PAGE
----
"He helps me cool down inside and out, and kind of revives me. Really he was like an angel to me. And it reminded me that no matter what you're going through, there are people who will help you."
Sheri and Lee stuck together for the rest of the race, navigating their way through rural communities and unfamiliar roads to get to the Bloody 111 finish in about 59 hours.
Ever heard of Conquer the Wall Endurance Challenge in West Virginia?
Runners complete as many laps as possible within 47 hours.
That seemed doable for an ultrarunner like Sheri, but something unexpected happened.
A later winter storm in early spring, turned the race into Conquer the Blizzard.
"It went from 59 degrees to 19 degrees with a snowstorm," says Sheri. "I was literally running with icicles frozen in my hair."
Despite the cold and conditions, Sheri pressed on, completing 104 miles at Conquer the Wall.
"If you want to be good at running, and if you want to be successful at life, you have learn how to adapt," says Sheri.
How many miles could you cover running for 96 hours?
When Sheri stepped up to the starting line of the Ozone Endurance Challenge in 2018, she knew she was going to run past 100 miles.
But she wasn't sure how far her mind and her legs would carry her.
The goal: Complete as many two-mile laps as possible before time ran out.
"All of the trail on the backside of the course was extremely muddy," says Sheri. "And the mosquitos were tough."
But she kept going. And by the time she finished the race, she ticked off 164 miles.
What if she trained smarter and ran the Ozone more efficiently? It's question that's been churning in her mind ever since she crossed the finish line.
"I'm a kind of a psychotic goal-oriented person," says Sheri.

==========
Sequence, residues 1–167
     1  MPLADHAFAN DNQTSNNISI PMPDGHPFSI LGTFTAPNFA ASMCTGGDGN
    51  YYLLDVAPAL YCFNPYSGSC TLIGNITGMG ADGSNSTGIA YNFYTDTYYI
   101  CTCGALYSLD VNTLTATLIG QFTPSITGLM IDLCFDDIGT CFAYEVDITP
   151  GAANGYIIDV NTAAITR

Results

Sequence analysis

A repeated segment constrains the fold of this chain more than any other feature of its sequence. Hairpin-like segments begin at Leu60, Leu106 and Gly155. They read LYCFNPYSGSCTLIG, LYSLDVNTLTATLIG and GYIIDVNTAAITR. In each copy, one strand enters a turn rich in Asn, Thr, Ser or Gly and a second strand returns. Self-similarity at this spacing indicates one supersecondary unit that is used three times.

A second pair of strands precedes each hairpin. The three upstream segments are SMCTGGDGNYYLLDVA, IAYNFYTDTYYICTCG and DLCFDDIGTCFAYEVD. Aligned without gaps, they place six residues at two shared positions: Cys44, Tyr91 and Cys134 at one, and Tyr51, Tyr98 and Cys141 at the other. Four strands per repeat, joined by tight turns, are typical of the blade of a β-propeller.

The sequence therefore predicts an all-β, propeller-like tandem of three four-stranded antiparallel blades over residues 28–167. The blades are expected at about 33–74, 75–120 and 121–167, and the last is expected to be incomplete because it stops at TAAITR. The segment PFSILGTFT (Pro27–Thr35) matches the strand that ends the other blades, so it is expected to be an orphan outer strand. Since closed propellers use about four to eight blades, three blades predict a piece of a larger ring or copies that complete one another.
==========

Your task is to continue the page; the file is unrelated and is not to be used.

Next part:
"I have goals for almost everything, athletic, spiritual, personal. I have vision boards for every goal. And I'm constantly visualizing success."
And guess what one of those goals are for Sheri?
Run 200 miles at this year's Ozone Endurance Challenge.
"Anything is possible," says Sheri. "If you think it's possible, it's because it is."
She's been thinking about ticking off 200 miles at the Ozone Endurance Challenge ever since she finished 8th overall in the 96-hour event a few years ago.
"Not everybody shares this kind of vision. When I say I'm going to run 100 miles, some people just laugh in my face and think it isn't possible. I don't take it personally. I just think, 'OK, I'm getting my ticket. Bye. I'm out of here.'"
For Sheri, the formula seems pretty simple. She shares this idea with her students and athletes. And it's the mantra she'll step up to the starting line with in October to run further than she ever has before...
"Anything is possible," says Sheri. "If you just believe, put yourself out there, and try, you might be surprised by what you can accomplish."
The Pistol 100 near Knoxville, Tenn. "Even though you're running a 10-mile loop on a linear path, this race is still challenging," says Sheri. "Once you're out on the loop, you can't really stop. It really forces your mind to think about staying in the race. It's a good race to help wrap your mind around running harder 100-mile races."
Eastern Divide 50K trail race in southwest Virginia in 2013.
Longest distance I've ran
164 miles at the Ozone Endurance Challenge in Rockwood, Tenn.
Most interesting race
The Bloody 111 near Knoxville, Tenn. "It's an unaided race," says Sheri. "You just take your pack, a debit card, and a map. You can have plans A, B, C, and D. But anything can happen, and you might have to throw those plans out the window. It's a kind of race where you're living moment by moment. It teaches you to walk by total faith, and you sort of watch the universe click into place as you run this race."
Favorite running shoes
Nike Air Zoom Terra Kiger. "I don't like a lot of padding in my running shoes," says Sheri. "The Nike Zoom Terra Kiger feels natural to me. And it works for my body type and the way my foot lands."
Food & fuel
"I have a really small stomach," says Sheri. "I'm also a vegetarian. I eat really clean. Mainly fruits, vegetables, nuts, beans. But if I'm forced to thrown down a cheese pizza to stay in a race and finish, I will do it. I've also learned that at a certain point during and ultra, I have to switch to liquid nutrition."
"I mentally dial in," says Sheri. "I think about the race all week long. People laugh at affirmations, but they work. I've been saying this a lot lately, 'I'm running 200 miles.' When you visualize things, your subconscious takes over to help you make it a reality."
What do you love most about running?
"It's my way of getting close to God," says Sheri. "I can feel His light, his closeness. It's a way to connect with God very fast. Being in motion is part of who I am, and I feel energy every time I run. It's a beautiful thing to feel that energy flowing."